|The Rushden Echo, 30th April, 1943, transcribed by Gill Hollis
Rushden Asked for Books - 20,000 Wanted During Next Fortnight
Beginning to-morrow (Saturday), Rushden is to make a great round-up of all books which can be spared from shelves, racks, cases and cupboards in every house, office or other establishment.
This is not a random clearing-out drive for salvage purposes only. Most of the books will doubtless go to the paper mills and thence to the munition factories, but all will be sorted with care and many will be dispatched to the Forces at home and abroad or used to restock the country’s blitzed libraries. Hospitals and children’s institutions will also benefit from the National Book Recovery Drive, of which Rushden’s campaign in part.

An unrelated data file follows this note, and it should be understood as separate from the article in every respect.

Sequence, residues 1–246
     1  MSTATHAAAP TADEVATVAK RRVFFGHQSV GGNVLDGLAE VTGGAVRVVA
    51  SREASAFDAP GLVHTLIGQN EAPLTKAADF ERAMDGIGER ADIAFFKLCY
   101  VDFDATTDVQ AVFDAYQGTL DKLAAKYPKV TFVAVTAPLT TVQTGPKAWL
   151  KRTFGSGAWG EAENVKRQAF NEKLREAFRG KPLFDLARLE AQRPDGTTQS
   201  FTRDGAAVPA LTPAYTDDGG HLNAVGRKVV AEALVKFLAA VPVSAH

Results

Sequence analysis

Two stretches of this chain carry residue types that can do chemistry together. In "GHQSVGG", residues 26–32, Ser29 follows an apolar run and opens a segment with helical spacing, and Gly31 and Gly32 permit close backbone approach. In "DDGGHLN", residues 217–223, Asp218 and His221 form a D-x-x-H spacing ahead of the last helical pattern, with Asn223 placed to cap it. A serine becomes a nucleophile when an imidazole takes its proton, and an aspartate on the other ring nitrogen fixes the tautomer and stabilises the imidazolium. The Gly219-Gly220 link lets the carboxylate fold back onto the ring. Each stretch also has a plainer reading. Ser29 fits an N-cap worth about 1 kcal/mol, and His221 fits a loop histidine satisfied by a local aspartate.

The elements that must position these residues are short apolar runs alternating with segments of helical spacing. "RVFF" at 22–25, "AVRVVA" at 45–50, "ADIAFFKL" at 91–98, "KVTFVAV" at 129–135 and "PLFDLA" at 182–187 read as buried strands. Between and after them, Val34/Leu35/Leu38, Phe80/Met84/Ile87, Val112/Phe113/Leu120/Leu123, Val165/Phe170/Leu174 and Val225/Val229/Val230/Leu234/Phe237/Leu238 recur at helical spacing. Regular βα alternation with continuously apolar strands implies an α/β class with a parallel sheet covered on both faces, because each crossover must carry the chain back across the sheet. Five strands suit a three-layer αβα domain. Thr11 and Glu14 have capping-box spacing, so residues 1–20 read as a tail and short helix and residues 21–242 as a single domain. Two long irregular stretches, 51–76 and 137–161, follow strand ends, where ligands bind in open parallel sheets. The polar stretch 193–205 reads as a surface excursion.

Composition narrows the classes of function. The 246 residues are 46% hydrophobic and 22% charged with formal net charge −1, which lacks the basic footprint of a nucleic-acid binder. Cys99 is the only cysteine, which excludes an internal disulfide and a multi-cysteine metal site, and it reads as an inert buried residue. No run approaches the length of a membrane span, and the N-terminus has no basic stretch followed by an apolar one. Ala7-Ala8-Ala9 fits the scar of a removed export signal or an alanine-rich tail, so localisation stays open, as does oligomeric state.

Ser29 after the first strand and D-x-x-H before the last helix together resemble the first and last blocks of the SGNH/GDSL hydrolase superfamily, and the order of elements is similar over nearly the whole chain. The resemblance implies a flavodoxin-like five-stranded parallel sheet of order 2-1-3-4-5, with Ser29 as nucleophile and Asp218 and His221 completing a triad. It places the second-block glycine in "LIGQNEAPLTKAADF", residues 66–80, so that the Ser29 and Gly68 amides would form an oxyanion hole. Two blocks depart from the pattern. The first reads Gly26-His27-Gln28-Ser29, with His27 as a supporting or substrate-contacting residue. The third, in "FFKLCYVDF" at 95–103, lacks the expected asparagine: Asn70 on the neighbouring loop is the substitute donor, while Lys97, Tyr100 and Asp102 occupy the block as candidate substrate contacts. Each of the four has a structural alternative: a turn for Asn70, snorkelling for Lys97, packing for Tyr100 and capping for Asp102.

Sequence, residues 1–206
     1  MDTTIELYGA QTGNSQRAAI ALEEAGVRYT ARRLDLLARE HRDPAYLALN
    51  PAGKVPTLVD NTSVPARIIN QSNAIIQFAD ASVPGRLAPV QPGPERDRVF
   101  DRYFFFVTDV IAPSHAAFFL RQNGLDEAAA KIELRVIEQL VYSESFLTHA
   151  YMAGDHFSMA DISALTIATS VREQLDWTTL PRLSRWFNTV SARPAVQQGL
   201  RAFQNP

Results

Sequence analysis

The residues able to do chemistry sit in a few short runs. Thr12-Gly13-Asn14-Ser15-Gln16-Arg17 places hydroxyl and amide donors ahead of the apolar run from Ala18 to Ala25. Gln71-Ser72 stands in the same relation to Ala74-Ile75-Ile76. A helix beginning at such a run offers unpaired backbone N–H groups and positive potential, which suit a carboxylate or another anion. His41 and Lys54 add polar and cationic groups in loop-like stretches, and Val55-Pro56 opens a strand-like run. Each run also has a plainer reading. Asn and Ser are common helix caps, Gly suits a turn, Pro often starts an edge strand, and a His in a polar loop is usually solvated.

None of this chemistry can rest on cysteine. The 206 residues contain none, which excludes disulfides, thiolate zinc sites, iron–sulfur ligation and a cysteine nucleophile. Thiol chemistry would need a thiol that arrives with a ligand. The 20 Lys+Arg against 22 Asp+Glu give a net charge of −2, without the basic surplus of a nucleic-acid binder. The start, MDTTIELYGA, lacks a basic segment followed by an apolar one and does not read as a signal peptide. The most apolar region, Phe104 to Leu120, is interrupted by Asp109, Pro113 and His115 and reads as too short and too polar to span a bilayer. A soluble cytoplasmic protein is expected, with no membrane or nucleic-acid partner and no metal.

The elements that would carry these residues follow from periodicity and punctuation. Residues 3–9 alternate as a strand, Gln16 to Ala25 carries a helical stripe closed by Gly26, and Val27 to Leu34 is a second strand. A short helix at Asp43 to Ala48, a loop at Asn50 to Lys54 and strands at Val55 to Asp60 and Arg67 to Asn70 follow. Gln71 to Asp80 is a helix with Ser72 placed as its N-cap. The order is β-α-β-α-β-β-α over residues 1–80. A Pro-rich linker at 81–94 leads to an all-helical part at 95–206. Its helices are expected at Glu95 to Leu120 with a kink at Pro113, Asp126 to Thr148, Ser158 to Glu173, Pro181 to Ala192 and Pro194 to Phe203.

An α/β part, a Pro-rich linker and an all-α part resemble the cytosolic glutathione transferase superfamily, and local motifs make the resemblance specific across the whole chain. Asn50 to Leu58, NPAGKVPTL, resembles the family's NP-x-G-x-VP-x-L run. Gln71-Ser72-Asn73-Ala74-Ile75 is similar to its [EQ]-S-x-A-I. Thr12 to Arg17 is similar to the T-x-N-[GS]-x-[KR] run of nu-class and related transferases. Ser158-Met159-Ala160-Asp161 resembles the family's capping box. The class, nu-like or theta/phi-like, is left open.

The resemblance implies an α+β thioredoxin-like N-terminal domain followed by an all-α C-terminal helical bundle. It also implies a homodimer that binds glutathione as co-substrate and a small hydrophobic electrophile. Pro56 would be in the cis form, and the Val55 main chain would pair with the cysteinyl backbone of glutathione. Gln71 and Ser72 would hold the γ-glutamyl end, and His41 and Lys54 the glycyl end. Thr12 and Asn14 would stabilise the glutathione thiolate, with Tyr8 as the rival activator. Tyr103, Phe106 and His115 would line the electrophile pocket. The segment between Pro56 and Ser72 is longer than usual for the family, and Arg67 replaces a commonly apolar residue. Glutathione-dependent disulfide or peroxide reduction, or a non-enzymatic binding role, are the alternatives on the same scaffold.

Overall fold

The town target fixed at a meeting in the Council Chamber on Thursday is 20,000 books. However valuable or however insignificant, each book given by the townspeople will be used for its most suitable purpose.
Thursday’s meeting was called by the Urban Council, and Coun. Mrs. O. A. H. Muxlow, as chairman of the Health and Sanitary Committee, was appointed leader of the campaign, with Mr. J. W. Lloyd (Salvage Officer) as secretary. Mr. W. J. Stoddard, Campaign Officer of the Ministry of Supply, offered his services during the drive and described the great successes achieved by other towns.
Mrs. Muxlow expressed confidence that the town would do well, and that plenty of help would be forthcoming. Mr. Lloyd said the salvage stewards were enthusiastic and would canvass the houses.
Arrangements were made for opening a central depot using the schools as receiving depots, and securing expert help in scrutinising the books.